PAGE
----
According to the National Institutes of Health (NIH) cirrhosis of the liver is the 12 leading cause of death in the United States. I have to admit when I read that statistic I was surprised that it was so high on the list of causes of death. I thought dedicating today’s blog to cirrhosis would be a good educational topic.
I think that the liver is one of the most fascinating organs in the body. It handles so many functions and is supportive to many of our organ systems. Some primary functions are related to digestion and release of nutrients in the body, storing extra glucose and other nutrients and releasing them into the bloodstream when appropriate, handling of toxins and rendering them harmless to the body, collection and disposal of certain hormones, production and elimination of cholesterol and blood cells just to name a few. The liver has an added ability to regenerate itself when it gets damaged more readily than other organs.
You can see that with so many responsibilities we want to keep the liver healthy. How does something like cirrhosis happen? Cirrhosis of the liver is defined as a slowly progressing disease which scar tissue replaces healthy tissues. As the scar tissue becomes more abundant in the liver it interrupts normal function and the normal blood flow through the liver and the functions of the liver can no longer appropriately take place. There are 3 main causes for cirrhosis alcohol abuse, fatty liver and hepatitis C. Since cirrhosis is a slow progressing disease symptoms may vary in severity depending on how much the liver has been affected. Symptoms may include fatigue sometimes to the point of exhaustion, loss of appetite, yellowing of the skin or the eyeballs, weight loss or weight gain, itchy skin, swelling in the legs or ankles, light colored stool and mental changes or disorientation. Cirrhosis can be diagnosed by physical exam, blood tests or diagnostic imaging like CT scan, ultrasound liver scan. The sooner a problem is diagnosed the sooner treatment can begin. Food always creates the foundation for any good treatment plan. Naturopathic treatments will always include liver enhancing food lifestyles like the one in found in my book Daelicious! Recipes for Vibrant Living. There are several herbs that support liver health as well but if you have cirrhosis you should not take herbal treatments unless you are under the care of a licensed naturopathic physician.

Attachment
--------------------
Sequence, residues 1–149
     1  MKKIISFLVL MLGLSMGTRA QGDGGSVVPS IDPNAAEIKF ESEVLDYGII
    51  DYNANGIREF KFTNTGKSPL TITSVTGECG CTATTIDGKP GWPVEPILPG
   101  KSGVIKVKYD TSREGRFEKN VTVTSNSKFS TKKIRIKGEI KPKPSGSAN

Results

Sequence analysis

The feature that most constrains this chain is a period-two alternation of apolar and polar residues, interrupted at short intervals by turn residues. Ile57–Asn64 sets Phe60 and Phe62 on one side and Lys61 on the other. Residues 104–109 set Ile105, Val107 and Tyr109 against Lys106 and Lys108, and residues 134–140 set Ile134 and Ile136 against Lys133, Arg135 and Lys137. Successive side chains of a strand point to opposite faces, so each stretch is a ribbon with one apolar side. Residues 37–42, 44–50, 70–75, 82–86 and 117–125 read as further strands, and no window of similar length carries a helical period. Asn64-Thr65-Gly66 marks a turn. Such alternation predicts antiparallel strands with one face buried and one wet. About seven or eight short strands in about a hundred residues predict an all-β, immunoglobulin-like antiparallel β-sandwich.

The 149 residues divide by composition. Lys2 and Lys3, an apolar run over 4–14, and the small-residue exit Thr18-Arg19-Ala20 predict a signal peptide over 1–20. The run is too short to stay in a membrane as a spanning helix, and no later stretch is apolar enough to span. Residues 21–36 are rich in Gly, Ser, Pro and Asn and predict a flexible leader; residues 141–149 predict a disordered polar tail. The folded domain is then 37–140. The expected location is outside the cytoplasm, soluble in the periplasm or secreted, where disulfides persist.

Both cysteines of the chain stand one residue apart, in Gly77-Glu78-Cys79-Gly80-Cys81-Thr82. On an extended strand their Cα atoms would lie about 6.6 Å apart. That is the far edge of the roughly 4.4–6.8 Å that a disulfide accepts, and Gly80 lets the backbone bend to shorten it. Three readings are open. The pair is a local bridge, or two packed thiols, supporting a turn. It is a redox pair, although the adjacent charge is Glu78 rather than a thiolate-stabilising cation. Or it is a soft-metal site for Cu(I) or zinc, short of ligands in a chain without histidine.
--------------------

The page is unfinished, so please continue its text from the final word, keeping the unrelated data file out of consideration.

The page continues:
Dr. Dae's website: www.healthydaes.org
Dr. Dae's book: Daelicious! Recipes for Vibrant Living can be purchased @ www.amazon.com or www.healthydaes.org
Dr. Dae's Bio:
Daemon "Dr. Dae" (pronounced Dr. Day) Jones is a Naturopathic Physician who completed her training at the Universi ty of Bridgeport College of Naturopathic Medicine. She is certified as a General Practitioner by the North American Board of Naturopathic Examiners (NABNE). Dr. Dae provides tailored treatment to meet the unique needs of every individual she sees in her practice. She also provides specialized support for persons challenged by nutritional deficiencies, weight problems, hormonal and reproductive system disorders, attention deficit disorder and those experiencing chronic diseases. Dr. Dae is an adjunct faculty member for Smith Farm Center for Healing and the Arts. She is the author of Daelicious! Recipes for Vibrant Living, The Healthydaes Newsletter, and is a regularly featured writer for the Elite GoogleNews Website empowher.com where she shares her personal and professional vision for living whole and living well. To learn more about Dr. Dae, her products and services, please visit her on the Web at www.Healthydaes.org